The buildings of Alys Beach were inspired by the architecture of Bermuda and Guatemala.

White exterior masonry walls and concrete tile roofs, inspired by Bermudan architecture, reflect sunlight and keep the homes significantly cooler. From Guatemala came the community’s courtyards, which capture the breezes and encourage outdoor living. Masonry construction and high-impact glass windows ensure longevity.

All of the buildings meet the Green Home Designation Standard of the Florida Green Building Coalition and are designed to last not just decades, but centuries. Well-constructed buildings reduce the waste and negative environmental impact from a "repair, replace, and rebuild" construction mentality, says Mike Ragsdale, Alys Beach’s town evangelist. (Yes, that’s his real title.)

When Georgia Carlee, an interior designer from nearby Santa Rosa, designed a model home at Alys Beach, she chose nearly all eco-friendly furnishings and finishes. "The home is so light and airy with so many natural materials, it didn’t seem right to put anything artificial in there," she says. "I wanted natural textures to go with the home’s feel."

Draperies and bed linens are 100 percent cotton, and woven-wood shades provide light control. Rugs are made entirely of wool or natural grass fibers, she says. Sofas, armchairs, and most other upholstered pieces the designer chose are naturalLee by Lee Industries. The line uses environmentally friendly materials and manufacturing processes for all parts of the furniture, including fabric coverings, seat-cushion fillings, padding, frames, and frame finishes.

In the model kitchen, low-VOC paint and domestically grown wood were used for the custom kitchen cabinets. Appliances are energy- and water-efficient.

"People often think being green means giving up luxury, comfort, and beauty, but we’re showing that beauty is intrinsically green, luxury is intrinsically green," evangelist Mike Ragsdale says. "We’re building beautiful buildings that people will want to preserve."

Walls and attics are sealed with spray-foam insulation, and ventilation systems are designed to circulate fresh air into the houses to ensure healthful indoor air quality. Some of the homes have geothermal heating and cooling systems, which use the natural temperature of the earth to maintain interior comfort.

Recycled wood was used to build the shelves and bedside table. Curtains and bed panels are linen and the rug is wool.

Many of the tables and other case goods in the model home are from Environment Furniture, which builds furniture with reclaimed, recycled, and sustainably harvested woods. The California-based company primarily uses a Brazilian hardwood salvaged from demolished houses and barns in Brazil. Because the wood is 70 to 100 years old, it has weathered and aged characteristics.

Interior designer Georgia Carlee.

It is increasingly common for her clients to ask for sustainable and eco-wise furnishings and accessories for their homes. "In the past year I’ve had more requests than ever," she says. "People are going to a more simple style. They don’t want all these frilly, fussy things. They just want to live easy and have a comfortable environment, one that makes them feel good inside and out."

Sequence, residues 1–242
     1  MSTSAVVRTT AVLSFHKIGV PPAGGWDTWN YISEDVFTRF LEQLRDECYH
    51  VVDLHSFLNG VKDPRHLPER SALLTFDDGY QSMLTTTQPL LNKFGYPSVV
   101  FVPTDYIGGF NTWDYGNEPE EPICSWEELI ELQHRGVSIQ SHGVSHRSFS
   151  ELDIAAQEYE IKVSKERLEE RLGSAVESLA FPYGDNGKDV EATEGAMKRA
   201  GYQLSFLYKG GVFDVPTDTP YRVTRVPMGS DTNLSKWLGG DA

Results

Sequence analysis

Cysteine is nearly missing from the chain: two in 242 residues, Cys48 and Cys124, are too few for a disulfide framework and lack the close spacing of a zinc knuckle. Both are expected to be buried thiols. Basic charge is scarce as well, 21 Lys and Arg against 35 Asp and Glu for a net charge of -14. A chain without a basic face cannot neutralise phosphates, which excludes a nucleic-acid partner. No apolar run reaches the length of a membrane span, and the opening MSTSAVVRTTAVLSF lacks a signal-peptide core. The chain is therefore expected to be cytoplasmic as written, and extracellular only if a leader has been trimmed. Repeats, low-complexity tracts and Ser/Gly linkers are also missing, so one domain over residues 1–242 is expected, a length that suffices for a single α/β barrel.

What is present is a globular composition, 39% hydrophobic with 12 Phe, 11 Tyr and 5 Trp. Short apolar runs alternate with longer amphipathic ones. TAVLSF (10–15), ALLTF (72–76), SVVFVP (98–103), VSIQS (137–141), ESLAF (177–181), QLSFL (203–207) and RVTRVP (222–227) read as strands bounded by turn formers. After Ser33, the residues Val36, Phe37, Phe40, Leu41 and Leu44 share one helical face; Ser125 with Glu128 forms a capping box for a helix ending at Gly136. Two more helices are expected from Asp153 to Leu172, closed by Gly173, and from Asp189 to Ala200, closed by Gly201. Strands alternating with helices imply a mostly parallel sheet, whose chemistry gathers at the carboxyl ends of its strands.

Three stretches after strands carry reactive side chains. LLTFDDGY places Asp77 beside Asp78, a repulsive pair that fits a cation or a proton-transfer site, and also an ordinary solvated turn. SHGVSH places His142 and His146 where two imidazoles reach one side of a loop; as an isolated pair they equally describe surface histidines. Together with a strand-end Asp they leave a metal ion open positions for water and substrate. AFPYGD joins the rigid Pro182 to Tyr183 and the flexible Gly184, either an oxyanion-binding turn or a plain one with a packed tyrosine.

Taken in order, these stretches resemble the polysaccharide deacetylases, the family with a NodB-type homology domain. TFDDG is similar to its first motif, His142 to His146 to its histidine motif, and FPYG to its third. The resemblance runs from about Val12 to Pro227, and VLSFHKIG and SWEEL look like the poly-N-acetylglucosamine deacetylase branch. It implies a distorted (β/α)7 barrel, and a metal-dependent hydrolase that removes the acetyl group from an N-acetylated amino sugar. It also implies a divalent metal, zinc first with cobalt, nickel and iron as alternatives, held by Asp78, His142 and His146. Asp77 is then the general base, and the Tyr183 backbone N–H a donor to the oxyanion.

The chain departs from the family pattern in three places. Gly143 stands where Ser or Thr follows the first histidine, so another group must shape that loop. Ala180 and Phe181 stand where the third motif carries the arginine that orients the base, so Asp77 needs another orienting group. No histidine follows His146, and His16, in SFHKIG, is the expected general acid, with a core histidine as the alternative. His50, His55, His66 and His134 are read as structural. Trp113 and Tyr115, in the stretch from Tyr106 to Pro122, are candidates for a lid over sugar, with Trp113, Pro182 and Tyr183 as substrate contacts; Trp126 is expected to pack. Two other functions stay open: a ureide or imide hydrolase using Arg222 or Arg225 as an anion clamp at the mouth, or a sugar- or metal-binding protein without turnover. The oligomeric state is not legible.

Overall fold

Alys Beach’s Christian Wagley.

"My job is to make the community environmentally better any way I can," he says. "I’m constantly looking for products or techniques to incorporate into new homes and buildings."

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Beauty and Conservation in Alys Beach

The resort town of Alys Beach is a study in beauty and conservation.

Written by Amy Elbert
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Jack Gardner

Human beauty may be fleeting, but in the world of architecture and interior design, beauty lasts. "Beauty is a very green feature," says Christian Wagley, who oversees environmental issues at an eco-focused Florida beach community. "We tend to keep and value beautiful things. If they need to be fixed, we fix them. Ugly buildings, on the other hand, tend to be torn down."

Sustainable, beautiful buildings in a town planned around pedestrians are features that make Alys Beach notably green. The resort community on Florida’s northern Gulf Coast sits between Destin and Panama City, but it is light years away from those legendary traffic-heavy, "spring break" towns.

Shops, restaurants, and offices are within a five-minute walk of residences. Narrow streets, limited parking, and miles of sidewalks encourage walking rather than driving. It was a neighborhood model that convinced Wagley, a long-time conservationist, to become the community’s environmental program manager. "Traditional neighborhood development offers tremendous benefits in reducing the carbon footprint, because we’re creating towns where we walk and ride bikes," he says.

In the space shown here, outdoor fabrics used for drapery panels and cushions are dyed to resist sun and water damage and are also  certified as low in chemical emissions and safe for indoor use (sunbrella.com).

Interior design: Georgia Carlee, ASID, GCI Design, 56 Spires Lane, Suite 12A, Santa Rosa Beach, FL 32459; 850/ 217-8155, gcarlee.com.
Kitchen design: Susan Massey, Bohlert Massey Interiors, 850/231-3940.
Town founder of Alys Beach: Jason Comer.

Photography: Jack Gardner

Drapery and cushions ("Dupione’’/Cornsilk #8012-0000): Sunbrella, sunbrella.com, trade only.
Chairs ("Fusion Lounge Chair’’/Java Finish #2860-2000); chair and daybed fabric ("High Noon’’ #676): Brown Jordan, 800/743-4252, brownjordan.com, trade only.
Daybed (recycled teak): Yellowtail Trading Co., 850/622-5760.
Cocktail table ("Campinas X Side Table’’ #C067-02): Environment Furniture, 323/935-1330, environment-furniture.com.
Balls in foreground: Phillips Collection, 202/387-2151, phillipscollection.org.
Trim paint ("Decorators White"): Benjamin Moore & Co, 888/236-6667.

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